- Change into a maiko with Japanese makeup, a gorgeous kimono, and a brilliant hair ornament.
- Photography in the authentic Tsuboniwa courtyard in Kyo-Machiya (Kyoto townhouse), where water-filled bamboo-tubes and garden lanterns have been arranged.
- A photographer, who knows the essence of the beauty of maiko, will take pictures
- Japanese Consumption Tax.
WHAT TO EXPECT
A maiko experience in a real teahouse (a place where geiko entertains their guests) in the Gion district established in the Taisho Era (1912-1926). Prepare to become a maiko, typical for Kyoto and pictures will be taken of your beautiful maiko appearance in the Tsuboniwa courtyard in Kyo-Machiya (a traditional wooden house in Kyoto). No special preparation is necessary. Please leave everything to the staff that day. You will receive three 2L-size (127×178mm) photos.
- Arrival (Plan confirmation)
- Make-up and dressing up
- Take off your kimono and prepare to go home
- Photo pick-up
Change into a maiko:
The venue for the maiko experience is a real teahouse in the Gion district established in the Taisho Era, which is a 1-minute walk from the south gate of the Yasaka Shrine.
When you come to the shop you will be immediately turned into a maiko. After putting on special underwear for a kimono, Japanese make-up will follow.
And last you can change into your favorite gorgeous kimono. You can then select a Japanese hair ornament that matches your style.
Photography at the Tsuboniwa courtyard:
In the authentic Tsuboniwa in Kyo-Machiya, water-filled bamboo-tubes and garden lanterns have been arranged and the beautiful backgrounds of the four seasons make the appearance of the maiko shine more.
In the Tsuboniwa, the photographer, who knows the essence of the beauty of maiko, will teach you how to pose like a maiko and will take pictures of your maiko appearance from the best angles. The garden will become a private space with only one-two people during photography. You can also take pictures by yourself for 10 minutes in the garden or in front of the store using your smartphone or camera.
Photo pick up:
Take off the kimono and the wig, also take off your make-up and go back to your old self. When you've finished dressing, please take the album with the photos that are just made the home with you.
THINGS TO NOTE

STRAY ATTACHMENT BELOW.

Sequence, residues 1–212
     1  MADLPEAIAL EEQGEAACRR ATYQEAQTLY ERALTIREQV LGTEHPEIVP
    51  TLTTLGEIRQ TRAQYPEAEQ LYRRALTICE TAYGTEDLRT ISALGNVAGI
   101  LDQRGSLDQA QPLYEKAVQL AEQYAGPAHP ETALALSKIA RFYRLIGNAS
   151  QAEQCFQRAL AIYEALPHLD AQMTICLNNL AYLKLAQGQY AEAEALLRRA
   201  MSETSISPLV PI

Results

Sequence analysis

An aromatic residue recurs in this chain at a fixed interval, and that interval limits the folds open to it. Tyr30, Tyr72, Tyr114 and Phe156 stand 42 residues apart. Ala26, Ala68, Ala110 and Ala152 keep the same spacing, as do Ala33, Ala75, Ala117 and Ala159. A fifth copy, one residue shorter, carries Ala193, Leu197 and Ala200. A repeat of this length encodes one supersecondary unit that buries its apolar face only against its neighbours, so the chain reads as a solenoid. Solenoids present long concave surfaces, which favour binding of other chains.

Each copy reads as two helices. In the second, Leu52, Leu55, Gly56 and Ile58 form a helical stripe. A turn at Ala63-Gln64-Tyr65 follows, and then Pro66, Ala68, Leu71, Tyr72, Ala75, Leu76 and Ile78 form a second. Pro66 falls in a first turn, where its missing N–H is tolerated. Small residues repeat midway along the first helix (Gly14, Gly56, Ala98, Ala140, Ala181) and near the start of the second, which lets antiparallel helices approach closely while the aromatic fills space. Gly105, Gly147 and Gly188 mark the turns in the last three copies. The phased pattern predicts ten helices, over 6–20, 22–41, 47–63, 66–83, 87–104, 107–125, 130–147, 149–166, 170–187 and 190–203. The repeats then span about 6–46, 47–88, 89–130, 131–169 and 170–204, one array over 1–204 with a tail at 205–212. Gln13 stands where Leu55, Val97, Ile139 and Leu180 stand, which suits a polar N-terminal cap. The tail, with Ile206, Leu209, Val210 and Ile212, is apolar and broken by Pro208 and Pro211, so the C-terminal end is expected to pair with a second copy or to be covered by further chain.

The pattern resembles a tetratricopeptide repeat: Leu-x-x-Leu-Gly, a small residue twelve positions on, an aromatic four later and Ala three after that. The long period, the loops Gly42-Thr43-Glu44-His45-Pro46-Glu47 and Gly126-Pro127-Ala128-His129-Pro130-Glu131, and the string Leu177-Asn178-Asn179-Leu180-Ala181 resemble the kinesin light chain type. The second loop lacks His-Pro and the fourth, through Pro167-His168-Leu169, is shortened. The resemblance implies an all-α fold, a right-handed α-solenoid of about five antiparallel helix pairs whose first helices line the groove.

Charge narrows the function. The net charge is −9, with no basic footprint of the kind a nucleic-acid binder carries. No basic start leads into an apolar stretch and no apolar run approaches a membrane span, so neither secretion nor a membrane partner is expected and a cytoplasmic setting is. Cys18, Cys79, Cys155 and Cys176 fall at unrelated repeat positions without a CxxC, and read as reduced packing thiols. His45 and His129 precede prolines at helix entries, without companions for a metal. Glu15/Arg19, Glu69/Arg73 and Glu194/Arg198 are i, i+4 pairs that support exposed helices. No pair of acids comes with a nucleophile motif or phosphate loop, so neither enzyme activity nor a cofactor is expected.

- Meeting point: Gion AYA, 499-8, Shimogawara, Higashiyama-Ku, Kyoto
- From Kyoto station is take around 15 minutes (1,200 yen). Let the driver know that you want to go to Ryotei Hamasaki.
- Take the number 7 exit at Gion Shijo Station on the Keihan Main Line and take the Shijo-Dori Street in the direction of the Yasaka Shrine.
- At the intersection in front of the Yasaka shrine, cross the street in the direction of the Gion Koban (Police box) and turn left. Cross the crosswalk in front of the shop called Tsuruha drug store in the direction of the Yasaka Shrine.
- Turn right in front of the Yasaka shrine and walk 100 meters. Turn left at Hotel Sunline and walk 100 meters.
- Turn right in front of Cafe Jouvencelle and walk 35 meters. Turn left on the road between the Japanese-style confectionery shop and Ryotei Hamasaku and the shop is on your left side.
- Language support: Japanese, English
- Included: Maiko experience, Pictures of 3 poses, Three 2L-size (127×178mm) photos.
- Excluded: Make-up products when leaving
- Participation requirements:
- 10 years and above
- Height: 145cm and above
- Please consult us if bust or hip size is 120cm and above
- Gender: Female
- Free Wi-Fi
- Toilet: Western-style
- Other things to note:
If you have a sensitive skin, the experience is at your own risk
The job of a maiko is to entertain guests with traditional arts such as singing, dancing, playing the shamisen, etc. in the Go-Nagai (5 geisha quarters) in Kyoto. It is the training period of a geiko (a geisha in Kyoto), and after 5 years of training as a maiko, she can turn into a geiko. Originally, in the Edo period, there was a teahouse in Higashiyama where the Yasaka Shrine is. Women who worked at the teahouse sang songs and performed for the visitors to the temples and shrines and people traveling on the road. This is the origin of the geiko/maiko. By the strict tradition of the geisha world around Gion, they are still working. But most of the maiko you will see on the street maybe tourists dressed up. Even the locals rarely see maiko, so if you see one you are really lucky. Besides Kyoto, there are also other places where women entertain their guests but the name geiko or maiko is only used in Kyoto.
NEARBY AREA INTRODUCTION
The shrine in the Higashiyama area is famous for holding the Gion Festival. It is the headquarter of Yasaka Shrines and the affiliated 2,300 shrines all over Japan that enshrine the Shinto god, Susanoo-no-Mikoto. The shrine is also called [Gion san] endearingly. They say it was founded in 656 by Irish, the messenger from Goguryeo, Korea. The number of worshipers during the first 3 days of the New Year exceeds 1 million, second in Kyoto after Fushimi Inari Shrine. You can also visit the shrine at night. Here you find the main building built in Gion style (covering the main hall and the hall of worship with one roof). It houses the Utsukushi-gozen-sha Shrine with natural spring water that will make your face and heart pretty and also the Okuninushi-sha Shrine, the gods of marriage.